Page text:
Maxxis Rambler vs Maxxis Reaver Test – Contents
Candidate 1: Maxxis Rambler in the test
The first in the bunch goes by the name of Rambler. Visually, it is a classic gravel tire. Its slim carcass is equipped with relatively long side lugs, while the tread has a rather flat, yet pronounced profile. The tire is available in a relatively wide range of versions from 38 C to 50 C as well as with an extra reinforced EXO carcass or in the somewhat lighter “SilkShield TR” version. I’m trying a set of Rambler tires in 45C and with EXO casing.
Tubeless setup in perfection: Maxxis Rambler holds tight!
I was pleasantly surprised as soon as I started fitting the tires: once again, I dared to try a tubeless setup and had already expected the worst. Instead, assembly is perfect and without complications. The tire sits firmly in the rim and doesn’t lose air initially – as I have experienced with many other tubeless tires. Better still, the tire keeps the air stable even after months of use. This is often one of my “annoying factors” par excellence with tubeless tires: you constantly have to pump them up. Not so with Maxxis tires. It’s really reliable!
I also really like the tire itself. 45 C is pretty wide by my standards, so it feels correspondingly comfortable. Thanks to the large volume and tubeless setup, I ride with relatively little air, which also improves grip. Of course, the tire is no rolling wonder on the road. Off-road, on the other hand, I find it absolutely convincing. I rode it all fall and winter 2023 – and it was really wet and muddy!
The pronounced profile is worth its weight in gold in such conditions – especially if, like me, you like to leave the grippy gravel and incorporate a few trails into your tour. The Rambler also has nothing to hide in terms of price (59.90 euros) and weight (495 g). A well-rounded thing for which I give it a “thumbs up”!
Candidate 2: The Maxxis Reaver Test
As described above, the Rambler profile is perfect for loose soil and winter conditions. If you are looking for an easy-running (summer) model, it may not be your first choice. This is exactly what the new Maxxis Reaver is designed for. Its tread has been fitted with a rather spartan mini profile, so I expect it to roll much faster. I’m curious about the grip off-road. And to see if the uncomplicated tubeless setup also works with this Maxxis gravel tire!
The installation of the Rambler with tubeless setup was praised by me above and emphasized as extremely simple and uncomplicated. I’m pleased to see that it works just as well when mounting the tire for the Maxxis Reaver test! The tire slips quickly into the rim bed and seals immediately on the first attempt with the tubeless booster. Tubeless is definitely fun! But how does this new Maxxis gravel tire perform on the road?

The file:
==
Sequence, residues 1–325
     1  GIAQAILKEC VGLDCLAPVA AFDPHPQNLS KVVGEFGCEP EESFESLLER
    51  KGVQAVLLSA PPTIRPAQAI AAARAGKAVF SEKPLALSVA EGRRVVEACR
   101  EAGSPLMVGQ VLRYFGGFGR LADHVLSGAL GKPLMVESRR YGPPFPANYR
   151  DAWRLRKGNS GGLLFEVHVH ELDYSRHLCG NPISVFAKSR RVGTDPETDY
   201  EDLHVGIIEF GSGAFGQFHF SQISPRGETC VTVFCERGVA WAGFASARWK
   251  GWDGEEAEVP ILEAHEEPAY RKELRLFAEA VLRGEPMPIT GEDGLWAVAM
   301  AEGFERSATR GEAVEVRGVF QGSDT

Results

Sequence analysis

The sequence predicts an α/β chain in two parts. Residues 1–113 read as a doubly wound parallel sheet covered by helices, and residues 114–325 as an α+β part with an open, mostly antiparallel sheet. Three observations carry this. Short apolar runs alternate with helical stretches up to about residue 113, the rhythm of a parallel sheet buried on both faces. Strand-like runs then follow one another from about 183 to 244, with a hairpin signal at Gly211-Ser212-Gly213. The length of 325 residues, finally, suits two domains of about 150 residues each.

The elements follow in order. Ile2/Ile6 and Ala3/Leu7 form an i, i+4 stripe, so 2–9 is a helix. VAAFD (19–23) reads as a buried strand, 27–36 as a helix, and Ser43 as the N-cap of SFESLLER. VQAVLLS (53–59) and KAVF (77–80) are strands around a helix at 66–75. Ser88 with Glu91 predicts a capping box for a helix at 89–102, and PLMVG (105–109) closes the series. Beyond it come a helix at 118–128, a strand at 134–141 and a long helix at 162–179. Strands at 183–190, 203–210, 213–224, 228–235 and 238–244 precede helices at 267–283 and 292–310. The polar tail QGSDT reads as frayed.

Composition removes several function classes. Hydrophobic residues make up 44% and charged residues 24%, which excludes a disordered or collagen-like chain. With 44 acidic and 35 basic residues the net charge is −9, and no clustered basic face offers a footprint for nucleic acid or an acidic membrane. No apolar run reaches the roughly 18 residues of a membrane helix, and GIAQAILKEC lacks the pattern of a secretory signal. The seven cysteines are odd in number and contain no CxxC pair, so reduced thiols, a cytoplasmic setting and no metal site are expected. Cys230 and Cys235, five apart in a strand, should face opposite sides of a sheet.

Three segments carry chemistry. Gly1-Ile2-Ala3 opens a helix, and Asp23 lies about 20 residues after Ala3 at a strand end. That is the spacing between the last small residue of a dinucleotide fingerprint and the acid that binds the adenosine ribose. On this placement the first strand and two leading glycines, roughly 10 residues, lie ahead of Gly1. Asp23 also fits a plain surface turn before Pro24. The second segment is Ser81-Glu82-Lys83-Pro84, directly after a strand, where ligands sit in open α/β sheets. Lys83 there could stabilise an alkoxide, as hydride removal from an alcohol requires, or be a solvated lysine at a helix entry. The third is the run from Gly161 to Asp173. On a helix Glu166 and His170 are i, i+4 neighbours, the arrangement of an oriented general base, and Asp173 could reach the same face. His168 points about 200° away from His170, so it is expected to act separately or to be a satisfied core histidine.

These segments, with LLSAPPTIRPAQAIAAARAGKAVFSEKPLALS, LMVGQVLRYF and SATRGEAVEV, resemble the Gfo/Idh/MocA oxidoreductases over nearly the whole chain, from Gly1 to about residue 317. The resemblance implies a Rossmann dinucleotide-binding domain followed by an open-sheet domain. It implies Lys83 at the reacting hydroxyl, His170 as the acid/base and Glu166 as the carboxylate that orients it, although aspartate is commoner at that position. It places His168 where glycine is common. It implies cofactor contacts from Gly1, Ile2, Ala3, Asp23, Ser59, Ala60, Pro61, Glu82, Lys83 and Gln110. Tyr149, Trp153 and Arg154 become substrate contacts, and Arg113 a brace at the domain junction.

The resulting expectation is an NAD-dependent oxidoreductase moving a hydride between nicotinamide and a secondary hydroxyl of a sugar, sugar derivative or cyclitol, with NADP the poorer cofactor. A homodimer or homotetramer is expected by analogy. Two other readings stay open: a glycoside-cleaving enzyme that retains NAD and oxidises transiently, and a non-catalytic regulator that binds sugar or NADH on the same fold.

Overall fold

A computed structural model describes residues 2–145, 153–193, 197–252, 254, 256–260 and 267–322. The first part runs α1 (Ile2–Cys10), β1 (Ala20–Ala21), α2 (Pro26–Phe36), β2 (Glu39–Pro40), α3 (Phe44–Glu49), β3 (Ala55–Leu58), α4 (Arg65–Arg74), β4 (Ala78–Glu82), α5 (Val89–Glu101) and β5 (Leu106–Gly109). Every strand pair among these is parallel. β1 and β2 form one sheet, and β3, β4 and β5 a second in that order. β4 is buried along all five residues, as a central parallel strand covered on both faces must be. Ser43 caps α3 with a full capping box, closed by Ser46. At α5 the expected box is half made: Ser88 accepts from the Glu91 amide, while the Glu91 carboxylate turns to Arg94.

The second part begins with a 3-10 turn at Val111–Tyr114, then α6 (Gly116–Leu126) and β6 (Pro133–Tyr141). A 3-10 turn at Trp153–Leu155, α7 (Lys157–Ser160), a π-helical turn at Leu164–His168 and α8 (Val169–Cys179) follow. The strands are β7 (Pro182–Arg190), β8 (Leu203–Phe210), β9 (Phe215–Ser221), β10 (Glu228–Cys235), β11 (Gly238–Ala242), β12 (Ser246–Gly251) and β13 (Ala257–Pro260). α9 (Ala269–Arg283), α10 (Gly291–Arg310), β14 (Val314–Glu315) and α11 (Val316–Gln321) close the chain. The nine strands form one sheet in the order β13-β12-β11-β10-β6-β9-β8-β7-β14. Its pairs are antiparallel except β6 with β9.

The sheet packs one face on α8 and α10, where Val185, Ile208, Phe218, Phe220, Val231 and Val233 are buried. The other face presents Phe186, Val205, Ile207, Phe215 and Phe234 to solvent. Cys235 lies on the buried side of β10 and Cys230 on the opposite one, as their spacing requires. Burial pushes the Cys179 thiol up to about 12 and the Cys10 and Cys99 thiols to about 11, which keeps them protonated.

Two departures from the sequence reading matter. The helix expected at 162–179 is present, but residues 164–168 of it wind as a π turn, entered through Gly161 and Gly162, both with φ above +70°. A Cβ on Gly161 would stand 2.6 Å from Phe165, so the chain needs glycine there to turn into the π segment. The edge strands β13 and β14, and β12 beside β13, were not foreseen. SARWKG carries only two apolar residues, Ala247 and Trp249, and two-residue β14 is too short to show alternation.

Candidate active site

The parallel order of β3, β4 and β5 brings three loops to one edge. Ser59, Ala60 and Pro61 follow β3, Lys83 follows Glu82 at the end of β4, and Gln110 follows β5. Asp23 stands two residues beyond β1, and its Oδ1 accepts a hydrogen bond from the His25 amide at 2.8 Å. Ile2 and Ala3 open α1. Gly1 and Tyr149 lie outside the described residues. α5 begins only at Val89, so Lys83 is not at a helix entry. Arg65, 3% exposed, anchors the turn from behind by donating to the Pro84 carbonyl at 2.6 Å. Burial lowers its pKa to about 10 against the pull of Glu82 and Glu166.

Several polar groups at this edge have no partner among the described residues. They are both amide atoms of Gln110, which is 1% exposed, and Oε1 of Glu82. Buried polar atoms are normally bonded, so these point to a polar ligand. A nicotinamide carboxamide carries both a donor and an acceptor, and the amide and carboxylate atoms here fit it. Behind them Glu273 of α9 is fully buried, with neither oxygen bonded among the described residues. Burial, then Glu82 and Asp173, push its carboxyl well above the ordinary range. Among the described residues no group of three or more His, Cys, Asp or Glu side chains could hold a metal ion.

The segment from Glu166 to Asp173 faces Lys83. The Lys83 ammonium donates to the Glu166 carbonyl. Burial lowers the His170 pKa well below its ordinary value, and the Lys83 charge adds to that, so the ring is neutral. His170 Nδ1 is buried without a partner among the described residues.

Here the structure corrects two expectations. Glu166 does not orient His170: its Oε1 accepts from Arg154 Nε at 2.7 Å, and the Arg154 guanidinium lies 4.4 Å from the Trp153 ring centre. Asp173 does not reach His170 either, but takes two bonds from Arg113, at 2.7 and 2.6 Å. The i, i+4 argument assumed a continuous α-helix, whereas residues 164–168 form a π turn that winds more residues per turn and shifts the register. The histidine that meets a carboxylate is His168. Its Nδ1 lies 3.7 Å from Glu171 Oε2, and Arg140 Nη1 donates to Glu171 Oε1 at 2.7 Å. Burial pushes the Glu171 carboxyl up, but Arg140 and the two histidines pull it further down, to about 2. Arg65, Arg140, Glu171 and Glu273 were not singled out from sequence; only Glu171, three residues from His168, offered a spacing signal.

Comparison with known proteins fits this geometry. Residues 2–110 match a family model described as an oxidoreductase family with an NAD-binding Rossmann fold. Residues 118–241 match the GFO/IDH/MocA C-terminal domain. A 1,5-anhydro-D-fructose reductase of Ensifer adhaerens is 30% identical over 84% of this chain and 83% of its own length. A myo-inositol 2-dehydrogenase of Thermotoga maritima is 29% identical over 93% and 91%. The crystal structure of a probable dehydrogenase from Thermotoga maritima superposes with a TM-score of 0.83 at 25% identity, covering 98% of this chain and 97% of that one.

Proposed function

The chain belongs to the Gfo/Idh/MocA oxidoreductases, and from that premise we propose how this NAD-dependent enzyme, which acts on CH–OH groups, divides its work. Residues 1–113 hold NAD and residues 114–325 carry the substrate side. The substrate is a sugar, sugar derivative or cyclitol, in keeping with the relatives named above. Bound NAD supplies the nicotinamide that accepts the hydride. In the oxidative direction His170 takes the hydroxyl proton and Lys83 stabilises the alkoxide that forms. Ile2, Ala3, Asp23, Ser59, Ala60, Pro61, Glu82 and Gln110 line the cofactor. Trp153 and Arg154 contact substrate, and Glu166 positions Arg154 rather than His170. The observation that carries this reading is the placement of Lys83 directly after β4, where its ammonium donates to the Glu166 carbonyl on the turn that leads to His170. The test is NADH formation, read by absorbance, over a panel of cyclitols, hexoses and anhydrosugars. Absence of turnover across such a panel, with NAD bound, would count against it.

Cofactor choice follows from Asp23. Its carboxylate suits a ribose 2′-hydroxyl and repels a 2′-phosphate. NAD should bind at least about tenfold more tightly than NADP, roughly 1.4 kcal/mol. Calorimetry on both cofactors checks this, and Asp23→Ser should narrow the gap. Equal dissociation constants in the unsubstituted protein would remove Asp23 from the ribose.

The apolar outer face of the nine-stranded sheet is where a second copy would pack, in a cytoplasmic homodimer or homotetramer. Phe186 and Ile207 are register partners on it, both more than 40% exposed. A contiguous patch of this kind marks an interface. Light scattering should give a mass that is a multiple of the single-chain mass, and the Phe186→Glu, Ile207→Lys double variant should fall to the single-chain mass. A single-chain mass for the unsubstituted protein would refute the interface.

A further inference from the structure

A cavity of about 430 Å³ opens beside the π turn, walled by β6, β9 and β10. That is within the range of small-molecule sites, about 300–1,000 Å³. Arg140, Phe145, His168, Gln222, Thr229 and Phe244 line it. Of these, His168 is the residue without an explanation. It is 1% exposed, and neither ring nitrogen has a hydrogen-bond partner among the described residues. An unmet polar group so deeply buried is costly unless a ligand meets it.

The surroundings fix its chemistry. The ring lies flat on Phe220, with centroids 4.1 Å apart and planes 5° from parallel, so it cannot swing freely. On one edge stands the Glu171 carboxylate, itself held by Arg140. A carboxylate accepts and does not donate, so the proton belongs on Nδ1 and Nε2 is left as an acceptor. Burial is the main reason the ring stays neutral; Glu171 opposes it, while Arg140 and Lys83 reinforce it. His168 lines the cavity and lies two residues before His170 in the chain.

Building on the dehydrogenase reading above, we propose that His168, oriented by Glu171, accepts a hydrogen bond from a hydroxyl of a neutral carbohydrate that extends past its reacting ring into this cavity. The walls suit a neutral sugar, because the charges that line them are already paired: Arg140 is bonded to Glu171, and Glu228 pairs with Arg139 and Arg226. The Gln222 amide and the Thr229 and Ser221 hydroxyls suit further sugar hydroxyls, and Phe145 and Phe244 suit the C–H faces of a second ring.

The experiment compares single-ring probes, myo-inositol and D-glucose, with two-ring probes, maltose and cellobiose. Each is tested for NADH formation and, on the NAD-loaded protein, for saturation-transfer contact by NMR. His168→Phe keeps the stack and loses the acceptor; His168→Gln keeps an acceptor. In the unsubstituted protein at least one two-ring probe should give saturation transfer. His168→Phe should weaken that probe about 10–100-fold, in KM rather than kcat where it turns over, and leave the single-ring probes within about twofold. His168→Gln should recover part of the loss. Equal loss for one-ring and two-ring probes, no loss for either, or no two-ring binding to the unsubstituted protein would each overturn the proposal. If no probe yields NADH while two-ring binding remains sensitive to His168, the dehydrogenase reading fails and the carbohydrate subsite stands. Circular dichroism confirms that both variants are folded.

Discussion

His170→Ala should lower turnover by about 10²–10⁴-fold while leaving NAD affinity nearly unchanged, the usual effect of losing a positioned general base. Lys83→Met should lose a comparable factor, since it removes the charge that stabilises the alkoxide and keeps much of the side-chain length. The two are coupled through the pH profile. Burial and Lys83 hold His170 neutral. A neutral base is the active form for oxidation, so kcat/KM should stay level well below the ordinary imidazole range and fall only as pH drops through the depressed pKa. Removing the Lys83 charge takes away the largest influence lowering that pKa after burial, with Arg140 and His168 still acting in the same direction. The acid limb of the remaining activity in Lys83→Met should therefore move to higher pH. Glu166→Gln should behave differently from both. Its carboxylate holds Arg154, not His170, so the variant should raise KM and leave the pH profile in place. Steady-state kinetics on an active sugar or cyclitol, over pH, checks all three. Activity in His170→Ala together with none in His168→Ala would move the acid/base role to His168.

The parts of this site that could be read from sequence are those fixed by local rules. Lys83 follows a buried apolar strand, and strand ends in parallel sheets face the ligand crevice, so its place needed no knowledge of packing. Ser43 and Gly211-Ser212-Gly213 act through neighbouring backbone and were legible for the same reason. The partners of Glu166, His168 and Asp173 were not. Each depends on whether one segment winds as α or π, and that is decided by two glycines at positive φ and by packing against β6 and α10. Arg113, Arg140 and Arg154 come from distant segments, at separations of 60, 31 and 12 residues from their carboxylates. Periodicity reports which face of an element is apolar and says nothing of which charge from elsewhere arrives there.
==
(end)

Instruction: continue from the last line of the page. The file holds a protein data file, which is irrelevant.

Maxxis Reaver test: Light and fast instead of bulky and grippy?
Compared to the Rambler, the profile of the Maxxis Reaver is obviously a little “tamer”. The side knobs are quite large, but also flat. Inside, a kind of diamond pattern is intended to provide traction. Compared to the Reaver, the Rambler certainly looks like a full-grown mountain bike tire. The look already gives it away: The Reaver is less intended for real terrain or winter mud battles. Its strengths are said to lie elsewhere: it is lighter than the Rambler and is said to be significantly faster. Compared to the Receptor, however, the traction should be noticeably better. The Reaver is available in 700C and 40 mm width. It is tubeless ready and costs 59.90 euros.
How does the new Maxxis Reaver perform on the road?
I immediately notice that I’m on a fast profile. And I have to say quite clearly: after weeks of constant rain, this feature is nice compared to the Maxxis Rambler on the road, but not necessarily an advantage off-road. This is where the tire naturally reaches its limits. Occasional excursions on loose trails or paths across a meadow quickly turn into a slide.
So my recommendation is clear: the Maxxis Reaver is a great tire for anyone looking for a fast all-round tire. It rolls well, but still offers good “all-round traction” for “classic” gravel use. The tire feels most comfortable in the drier season. Then you can mount it and forget about it, because it is perfectly suitable for all conditions. If you like riding on unpaved roads in winter, the grippier Maxxis Rambler is a good option.
Or you can do what I did: I found that a combination of both models works well for me: I fitted the new Reaver at the rear. Grip is not so crucial here (the rear wheel is known to follow the front wheel). But I save a few grams here and it rolls well. The thick rambler remains at the front for more grip. The best features of both tires on one bike!
You can find more information about Maxxis tires at maxxistires.de